a bee line to the  front of the bus to make sure he was first in the buffet line. There wasn't much
left for anyone else after Johnny Canteen was finished loading up his plate. O'Leary once
complained to Jedziniak about his nickname and Jedz responded, "Too bad, that's what we're
calling you."

Chris Mench was usually the master of the monikers, tagging anybody in his path with creative and
often unflattering nicknames. Mench was known as "The Big Cheese". His head was the size of
pony keg. If you tapped it,  suds would probably come flowing out. But the size of his head,
had nothing to do with his nickname. He called himself the "Big Cheese", and I'll just leave it at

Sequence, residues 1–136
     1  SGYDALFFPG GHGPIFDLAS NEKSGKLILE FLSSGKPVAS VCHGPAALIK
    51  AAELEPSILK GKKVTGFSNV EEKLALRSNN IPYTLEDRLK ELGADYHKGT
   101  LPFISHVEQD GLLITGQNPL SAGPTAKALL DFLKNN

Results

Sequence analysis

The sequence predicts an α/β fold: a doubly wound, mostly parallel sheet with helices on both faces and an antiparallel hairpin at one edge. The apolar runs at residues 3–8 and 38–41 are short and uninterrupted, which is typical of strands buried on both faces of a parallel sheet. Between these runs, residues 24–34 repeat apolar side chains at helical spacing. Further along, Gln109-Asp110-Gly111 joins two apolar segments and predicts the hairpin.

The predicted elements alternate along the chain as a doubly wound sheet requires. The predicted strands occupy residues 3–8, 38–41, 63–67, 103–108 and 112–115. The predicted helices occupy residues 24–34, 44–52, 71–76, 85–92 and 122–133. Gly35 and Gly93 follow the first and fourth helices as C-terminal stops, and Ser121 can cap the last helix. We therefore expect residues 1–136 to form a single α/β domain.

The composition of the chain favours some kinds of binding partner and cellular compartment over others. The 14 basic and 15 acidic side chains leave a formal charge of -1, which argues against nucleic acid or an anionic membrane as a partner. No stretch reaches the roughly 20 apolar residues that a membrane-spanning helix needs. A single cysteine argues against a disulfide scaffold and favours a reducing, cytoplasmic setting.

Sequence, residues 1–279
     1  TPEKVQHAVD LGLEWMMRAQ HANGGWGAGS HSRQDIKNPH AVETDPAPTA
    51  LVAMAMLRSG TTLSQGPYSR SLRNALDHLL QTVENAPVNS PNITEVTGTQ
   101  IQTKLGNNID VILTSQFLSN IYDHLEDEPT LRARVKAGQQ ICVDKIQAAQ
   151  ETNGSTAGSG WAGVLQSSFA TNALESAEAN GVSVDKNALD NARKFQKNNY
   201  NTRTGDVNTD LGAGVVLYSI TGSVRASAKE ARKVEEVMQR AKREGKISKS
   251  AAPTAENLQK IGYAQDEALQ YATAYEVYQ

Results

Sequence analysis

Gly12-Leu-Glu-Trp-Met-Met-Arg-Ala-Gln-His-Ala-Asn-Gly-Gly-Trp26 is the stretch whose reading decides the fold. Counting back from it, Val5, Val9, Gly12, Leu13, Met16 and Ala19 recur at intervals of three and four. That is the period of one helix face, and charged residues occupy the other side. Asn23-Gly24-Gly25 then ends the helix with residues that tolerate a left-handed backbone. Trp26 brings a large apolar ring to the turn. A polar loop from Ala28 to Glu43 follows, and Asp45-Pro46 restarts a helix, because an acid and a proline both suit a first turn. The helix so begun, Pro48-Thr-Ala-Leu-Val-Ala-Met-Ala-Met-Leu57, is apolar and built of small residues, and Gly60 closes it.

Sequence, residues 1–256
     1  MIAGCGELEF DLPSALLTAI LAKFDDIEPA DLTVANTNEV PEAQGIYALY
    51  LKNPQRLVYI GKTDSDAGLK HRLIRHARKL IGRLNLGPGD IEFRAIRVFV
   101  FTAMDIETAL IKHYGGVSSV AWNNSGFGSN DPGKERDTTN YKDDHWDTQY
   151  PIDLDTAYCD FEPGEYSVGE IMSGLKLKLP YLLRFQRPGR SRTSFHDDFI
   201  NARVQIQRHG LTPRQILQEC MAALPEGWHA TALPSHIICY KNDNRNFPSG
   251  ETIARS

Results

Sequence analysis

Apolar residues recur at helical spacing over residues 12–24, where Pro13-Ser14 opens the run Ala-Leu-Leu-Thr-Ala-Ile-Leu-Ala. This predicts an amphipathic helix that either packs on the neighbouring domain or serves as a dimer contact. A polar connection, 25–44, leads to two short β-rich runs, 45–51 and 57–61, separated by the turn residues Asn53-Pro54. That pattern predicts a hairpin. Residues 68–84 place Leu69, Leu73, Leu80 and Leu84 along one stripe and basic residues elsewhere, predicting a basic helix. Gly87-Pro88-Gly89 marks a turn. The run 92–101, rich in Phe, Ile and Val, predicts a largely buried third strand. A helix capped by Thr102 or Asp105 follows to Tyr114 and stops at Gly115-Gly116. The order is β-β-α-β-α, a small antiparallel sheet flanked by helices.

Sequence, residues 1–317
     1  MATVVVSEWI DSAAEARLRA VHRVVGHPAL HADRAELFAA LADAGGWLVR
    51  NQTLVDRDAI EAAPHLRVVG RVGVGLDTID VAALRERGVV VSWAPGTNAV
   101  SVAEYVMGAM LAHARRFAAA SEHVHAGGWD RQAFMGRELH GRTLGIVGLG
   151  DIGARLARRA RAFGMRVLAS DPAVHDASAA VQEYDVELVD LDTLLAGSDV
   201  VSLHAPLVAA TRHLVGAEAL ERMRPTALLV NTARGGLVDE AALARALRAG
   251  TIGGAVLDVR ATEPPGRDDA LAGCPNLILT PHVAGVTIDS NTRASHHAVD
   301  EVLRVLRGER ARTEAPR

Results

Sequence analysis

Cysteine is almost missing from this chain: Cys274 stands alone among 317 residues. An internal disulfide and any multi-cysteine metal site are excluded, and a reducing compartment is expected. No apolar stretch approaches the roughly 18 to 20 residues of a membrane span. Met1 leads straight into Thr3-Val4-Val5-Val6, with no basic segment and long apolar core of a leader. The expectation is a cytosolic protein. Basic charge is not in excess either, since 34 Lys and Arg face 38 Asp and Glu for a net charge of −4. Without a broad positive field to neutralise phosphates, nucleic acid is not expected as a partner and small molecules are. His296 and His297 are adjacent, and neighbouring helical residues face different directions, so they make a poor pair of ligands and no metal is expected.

that. Most of the nicknames the "Big Cheese" gave out were X-rated, which unfortunately, means
I can't put them in print.


My favorite nickname of all time was "Yard Bird". This was given to Mitch McCleney, a
second-baseman who spent at least six, possibly seven years with the program. Somebody
thought he  looked like a yard bird, so McCleney became known simply as, "Yard Bird."

Al Taylor, a popular teammate from Natick, Mass. had a plethora of nicknames. He was
"Grinch", "Slate", and "Sack Exchange." Bill Robinson, a tall, lanky pitcher from New Jersey
was the "black momba" long before Kobe Bryant showed up on the scene. Robinson was also
known as "Snake", "Bridge" and "Q-tip" after the tiny head that rested atop his broad shoulders.


Walt Weiss, the new manager of the Colorado Rockies, also had a very small dome. His head
was so tiny and shaped like a peanut that he had to tape the adjustable strap on his hat to keep